Work-Based Learning Within Competency-Driven Pathways

Students in a digital filmmaking class set up the camera in the school studio.
Photo by Allison Shelley/The Verbatim Agency for EDUimages

Redesigning secondary education around the concept of relevant, learner-driven pathways offers promise in preparing students to engage and contribute to the current and future world with purpose and agency. High-quality student pathways like work-based learning can incorporate real-world experiences and align to a competency framework that includes a set of knowledge, skills, and dispositions that are transferable across changing contexts.

Competency-based learning is designed with an understanding that students learn at different paces and in different ways and that every student needs adequate support and resources to thrive both personally and academically. In a CBE system, students receive support to become leaders of their learning and are empowered to make decisions such as how they want to demonstrate their learning. Similarly, WBL cultivates student agency and assists students in navigating post-secondary options through career awareness, exploration, and preparation. Both WBL and CBE share similar principles for how students should learn within the education system. Aurora’s definition of CBE can be used as a framework to draw connections between the elements of WBL and CBE as illustrated with the following examples.

Two elementary students study the plants in their school garden.
Photo by Allison Shelley/The Verbatim Agency for EDUimages

Anytime, Anywhere Learning

The nature of learning is rapidly changing. Advances in technology allow us to access information and learn from almost anywhere. No longer should learning only happen within the four walls of a schoolhouse. Both CBE and WBL advocate for anytime, anywhere learning and emphasize using higher-order skills. In WBL programs, students receive instruction beyond the classroom and learn skills with their employer’s guidance. The curriculum students learn directly connects to the knowledge and skills needed for their internship or apprenticeship. This allows students to find meaning in their learning and connect what they learn to real-world situations.

Strategies to Ensure Equity for All

High-quality WBL programs understand that participating in WBL can prevent some students from having other paid employment. There are students who have to work outside of school to meet financial obligations. Programs do not want to put these students at a disadvantage, so to promote equity, programs strive for students to have paid experiences. Paid experiences benefit students who need a means of earning income by connecting them to promising career paths rather than jobs with little opportunity for advancement that may also require working late hours or compete with student efforts to graduate and focus on education.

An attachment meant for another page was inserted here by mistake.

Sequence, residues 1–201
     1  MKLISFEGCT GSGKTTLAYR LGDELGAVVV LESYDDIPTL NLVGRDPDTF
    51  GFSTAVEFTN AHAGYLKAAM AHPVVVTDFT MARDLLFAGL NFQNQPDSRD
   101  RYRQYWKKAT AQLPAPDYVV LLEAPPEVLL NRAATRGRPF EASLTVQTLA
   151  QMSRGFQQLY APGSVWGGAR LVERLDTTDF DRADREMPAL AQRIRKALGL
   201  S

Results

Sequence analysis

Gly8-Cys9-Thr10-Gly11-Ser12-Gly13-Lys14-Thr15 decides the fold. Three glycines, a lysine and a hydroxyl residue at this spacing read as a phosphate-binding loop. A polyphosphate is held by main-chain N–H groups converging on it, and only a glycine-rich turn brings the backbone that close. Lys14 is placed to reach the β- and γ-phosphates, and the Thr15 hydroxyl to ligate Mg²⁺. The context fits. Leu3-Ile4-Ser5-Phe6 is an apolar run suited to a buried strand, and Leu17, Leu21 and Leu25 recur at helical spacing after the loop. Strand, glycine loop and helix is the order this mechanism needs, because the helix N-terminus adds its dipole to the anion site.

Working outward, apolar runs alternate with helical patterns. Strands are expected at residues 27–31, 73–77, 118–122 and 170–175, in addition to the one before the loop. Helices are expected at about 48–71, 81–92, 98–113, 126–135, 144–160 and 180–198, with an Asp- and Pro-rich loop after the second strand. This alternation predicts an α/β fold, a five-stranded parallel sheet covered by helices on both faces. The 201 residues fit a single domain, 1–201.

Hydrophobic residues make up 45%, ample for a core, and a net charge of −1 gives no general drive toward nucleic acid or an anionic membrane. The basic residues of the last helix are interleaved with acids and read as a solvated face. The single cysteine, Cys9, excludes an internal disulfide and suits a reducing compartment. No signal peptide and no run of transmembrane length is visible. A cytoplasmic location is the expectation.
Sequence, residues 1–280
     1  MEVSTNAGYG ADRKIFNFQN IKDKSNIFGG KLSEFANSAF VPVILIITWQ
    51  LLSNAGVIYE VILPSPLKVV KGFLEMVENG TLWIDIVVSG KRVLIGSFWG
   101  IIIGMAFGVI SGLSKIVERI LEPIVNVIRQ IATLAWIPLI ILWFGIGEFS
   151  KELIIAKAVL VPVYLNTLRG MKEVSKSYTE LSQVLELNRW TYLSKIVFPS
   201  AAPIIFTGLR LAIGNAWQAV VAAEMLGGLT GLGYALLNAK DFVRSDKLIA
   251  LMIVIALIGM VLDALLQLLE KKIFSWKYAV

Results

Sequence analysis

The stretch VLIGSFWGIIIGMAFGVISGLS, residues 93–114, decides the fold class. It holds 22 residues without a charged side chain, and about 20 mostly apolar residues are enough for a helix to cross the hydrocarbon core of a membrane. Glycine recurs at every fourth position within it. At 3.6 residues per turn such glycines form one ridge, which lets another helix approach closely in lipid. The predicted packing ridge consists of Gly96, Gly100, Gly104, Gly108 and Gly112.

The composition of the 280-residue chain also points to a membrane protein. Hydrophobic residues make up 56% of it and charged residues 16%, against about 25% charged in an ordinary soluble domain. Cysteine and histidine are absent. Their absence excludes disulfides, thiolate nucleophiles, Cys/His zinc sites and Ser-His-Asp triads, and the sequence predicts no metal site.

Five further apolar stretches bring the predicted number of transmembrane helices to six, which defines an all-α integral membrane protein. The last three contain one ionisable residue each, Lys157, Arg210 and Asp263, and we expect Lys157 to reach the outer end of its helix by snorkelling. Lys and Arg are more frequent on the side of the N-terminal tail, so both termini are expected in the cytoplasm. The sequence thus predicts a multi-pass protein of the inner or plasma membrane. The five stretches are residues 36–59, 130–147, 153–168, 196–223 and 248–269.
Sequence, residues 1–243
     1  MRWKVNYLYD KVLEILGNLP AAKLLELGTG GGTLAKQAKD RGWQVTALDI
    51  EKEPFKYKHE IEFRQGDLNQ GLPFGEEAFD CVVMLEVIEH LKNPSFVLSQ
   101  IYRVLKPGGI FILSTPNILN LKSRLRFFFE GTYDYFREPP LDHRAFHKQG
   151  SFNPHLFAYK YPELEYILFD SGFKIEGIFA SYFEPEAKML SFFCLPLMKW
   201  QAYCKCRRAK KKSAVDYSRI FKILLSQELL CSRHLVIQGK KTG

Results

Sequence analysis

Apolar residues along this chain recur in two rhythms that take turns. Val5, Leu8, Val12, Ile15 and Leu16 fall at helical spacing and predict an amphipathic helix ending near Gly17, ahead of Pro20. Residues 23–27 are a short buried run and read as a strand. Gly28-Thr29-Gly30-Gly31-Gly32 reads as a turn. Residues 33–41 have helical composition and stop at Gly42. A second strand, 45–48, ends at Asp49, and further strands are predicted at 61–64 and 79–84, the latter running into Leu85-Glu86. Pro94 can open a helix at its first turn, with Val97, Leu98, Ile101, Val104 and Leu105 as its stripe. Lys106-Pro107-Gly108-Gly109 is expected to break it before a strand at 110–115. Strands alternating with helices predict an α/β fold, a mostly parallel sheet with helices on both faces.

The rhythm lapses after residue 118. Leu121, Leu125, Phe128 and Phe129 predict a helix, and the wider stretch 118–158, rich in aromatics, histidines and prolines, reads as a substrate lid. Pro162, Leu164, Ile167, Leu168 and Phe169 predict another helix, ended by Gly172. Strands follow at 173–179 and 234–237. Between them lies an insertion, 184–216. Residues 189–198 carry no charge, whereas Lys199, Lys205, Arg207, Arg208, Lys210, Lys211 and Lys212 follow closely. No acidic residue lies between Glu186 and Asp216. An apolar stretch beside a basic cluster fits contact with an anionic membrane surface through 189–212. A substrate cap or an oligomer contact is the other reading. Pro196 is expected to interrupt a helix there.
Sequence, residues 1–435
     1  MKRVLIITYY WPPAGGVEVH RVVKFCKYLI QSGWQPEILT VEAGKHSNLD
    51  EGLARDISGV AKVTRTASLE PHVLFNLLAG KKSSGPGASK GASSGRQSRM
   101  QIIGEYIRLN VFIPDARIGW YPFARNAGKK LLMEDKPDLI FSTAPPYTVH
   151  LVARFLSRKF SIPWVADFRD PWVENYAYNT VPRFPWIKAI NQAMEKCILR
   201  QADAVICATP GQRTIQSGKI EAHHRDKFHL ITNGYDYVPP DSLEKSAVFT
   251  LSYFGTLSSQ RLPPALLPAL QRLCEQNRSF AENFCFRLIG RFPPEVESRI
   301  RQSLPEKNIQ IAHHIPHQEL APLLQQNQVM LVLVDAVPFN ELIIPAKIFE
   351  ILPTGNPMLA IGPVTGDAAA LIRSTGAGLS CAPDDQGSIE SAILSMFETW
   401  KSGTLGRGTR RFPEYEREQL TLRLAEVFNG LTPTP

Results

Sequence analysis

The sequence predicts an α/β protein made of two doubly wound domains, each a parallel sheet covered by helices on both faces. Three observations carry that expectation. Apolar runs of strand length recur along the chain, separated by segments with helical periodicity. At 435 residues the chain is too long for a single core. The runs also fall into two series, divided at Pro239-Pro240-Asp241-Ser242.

An Example in Action

The Hillside Work-Scholarship Connection is a nonprofit organization that guides students to realize their full potential and impact within their communities. A portion of the program offers participating students practical work experiences through paid employment. Each student is paired with a school-based youth advocate (YA), who serves as a mentor to students. With the help of their YA, students create an individualized plan that targets the following factors: high school graduation, job placement, career planning, college advancement, and other personal goals. Additionally, the YA assists students by regularly checking in with their family and teachers to identify any challenges the student may be facing. This WBL program provides students with special support so that students can have the tools to be agents of their own success.

WBL and CBE Are Better Together

We know that if we want to prepare young people for the new world of work and to thrive in their futures, we can’t keep operating within the confines of the traditional education system. WBL is a student-centered learning approach that expands students’ learning landscape beyond the classroom and provides opportunities for students to demonstrate their knowledge. Through WBL’s continuum of experiences, students are encouraged to take the lead on a pathway to their own academic and professional success. WBL aligns with components of CBE by actively engaging students in the learning process and diversifying how students learn to better prepare them for post-secondary learning, career, and life.

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Khamiah Alderman joined the Aurora Institute as an intern with CompetencyWorks in January 2023. She is a recent Public Policy graduate from the University of North Carolina at Chapel Hill. She is passionate about educational equity and is working to better the education system for all learners, regardless of race, gender, religion, and ability.

She currently serves as the Youth Program Manager for the Center for Racial Equity in Education in Charlotte, North Carolina. In this position, she is building a program dedicated to developing leaders who are informed and empowered to act locally at their schools and at the district level. In the past, Khamiah served as a research assistant for professors at UNC-Chapel Hill where she gained valuable research experience grounded in education equity, intersectionality, and African American history. She hopes to continue her work to transform the education system to be accessible for all.